Most players share a similar approach when it comes to controlling dynamics. We use our main sound eighty percent of the time, turn off a pedal or turn down our volume knob “for the really quiet parts,” and have some form of boost for leads and solos. Many of us claim to be “obsessed with dynamics,” but that rarely seems to manifest itself in something other than a fear of compression in overdrives pedals and weird, cultish followings of certain players for their “touch.”
Obviously, control over dynamics is incredibly important for the communicative, narrative aspects of musical performance, but too often, it gets limited in practice to arbitrary jumps, or simply “being louder sometimes.”
In reality, dynamics is less about sheer volume, and more about the disparity between our most and least intense sounds. That means we need to be as comfortable with the quiet, subdued side of our playing as we are with intensity and loudness, to make sure each contrast can be as stark as possible.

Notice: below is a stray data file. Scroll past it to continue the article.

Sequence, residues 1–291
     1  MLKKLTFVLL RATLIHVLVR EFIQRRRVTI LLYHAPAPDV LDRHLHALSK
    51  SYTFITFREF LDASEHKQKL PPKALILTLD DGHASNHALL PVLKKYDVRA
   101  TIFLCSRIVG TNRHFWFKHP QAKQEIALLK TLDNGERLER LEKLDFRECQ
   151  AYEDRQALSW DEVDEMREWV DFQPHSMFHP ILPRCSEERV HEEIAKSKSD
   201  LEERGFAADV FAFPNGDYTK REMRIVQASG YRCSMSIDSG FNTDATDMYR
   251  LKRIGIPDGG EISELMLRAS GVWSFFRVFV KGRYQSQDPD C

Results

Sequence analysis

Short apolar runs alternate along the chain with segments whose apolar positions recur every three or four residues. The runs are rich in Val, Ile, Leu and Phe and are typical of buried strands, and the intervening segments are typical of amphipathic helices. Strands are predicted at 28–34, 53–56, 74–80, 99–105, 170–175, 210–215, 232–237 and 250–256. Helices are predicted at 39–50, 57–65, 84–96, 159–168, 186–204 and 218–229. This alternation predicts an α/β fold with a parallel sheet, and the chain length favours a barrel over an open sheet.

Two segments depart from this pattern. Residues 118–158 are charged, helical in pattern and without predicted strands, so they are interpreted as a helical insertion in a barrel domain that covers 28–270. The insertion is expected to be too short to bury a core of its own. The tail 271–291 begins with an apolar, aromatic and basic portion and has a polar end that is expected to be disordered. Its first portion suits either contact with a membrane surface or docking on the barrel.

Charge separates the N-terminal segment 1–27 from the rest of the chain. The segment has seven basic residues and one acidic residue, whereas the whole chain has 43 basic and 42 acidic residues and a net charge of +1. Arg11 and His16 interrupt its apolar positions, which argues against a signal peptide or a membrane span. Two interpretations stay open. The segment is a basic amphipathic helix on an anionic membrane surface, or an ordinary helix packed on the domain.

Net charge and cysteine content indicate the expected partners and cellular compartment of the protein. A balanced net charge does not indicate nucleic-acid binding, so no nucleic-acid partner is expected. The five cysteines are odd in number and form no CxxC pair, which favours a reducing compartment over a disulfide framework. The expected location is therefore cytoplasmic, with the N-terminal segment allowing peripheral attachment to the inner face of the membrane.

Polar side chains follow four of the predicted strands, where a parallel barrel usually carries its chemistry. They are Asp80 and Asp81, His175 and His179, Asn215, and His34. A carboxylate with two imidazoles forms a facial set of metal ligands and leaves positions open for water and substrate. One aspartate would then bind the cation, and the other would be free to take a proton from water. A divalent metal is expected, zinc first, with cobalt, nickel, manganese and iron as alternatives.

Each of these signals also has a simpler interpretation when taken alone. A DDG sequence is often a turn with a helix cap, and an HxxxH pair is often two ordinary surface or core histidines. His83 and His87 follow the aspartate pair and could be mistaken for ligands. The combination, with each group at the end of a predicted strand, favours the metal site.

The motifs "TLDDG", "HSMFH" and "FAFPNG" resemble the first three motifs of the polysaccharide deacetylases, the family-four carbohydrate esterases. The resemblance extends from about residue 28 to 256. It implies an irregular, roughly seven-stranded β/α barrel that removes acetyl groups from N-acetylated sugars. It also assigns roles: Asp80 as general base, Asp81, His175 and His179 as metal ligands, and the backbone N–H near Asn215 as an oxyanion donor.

In practice, like so many other aspects of our playing, dynamics come down to planning. Personally, I’ve been known to chart out the dynamics of songs in weird pseudo-Excel graphs, but following this simple checklist should do the same trick for less:
- Try your best to select one section of every song to be completely silent. This is actually the ultimate dynamic move, since no sound is ever louder than silence (very deep).
- Plan ahead to unleash your most intense sound only at the most intense moments, and be as protective of that sound as possible. Your most intense sound is like The Boy Who Cried “Wolf.” Use it too often, and the audience stops caring.
- Work those crescendos and decrescendos like it’s your job. Know where they are, and make them count.
- Know how each section relates to the others dynamically. Is the chorus more intense than the pre-chorus? Is the bridge the most intense part of all? Make sure your own dynamics reflect the flow of the song.
Dynamics is about getting louder when we need to, sure, but it’s also about getting quieter, and collecting shades of mezzo like some sort of musical Pokemon Master. We need to lower the floor as much as we need to raise the ceiling, all in the name of making our music say what we mean.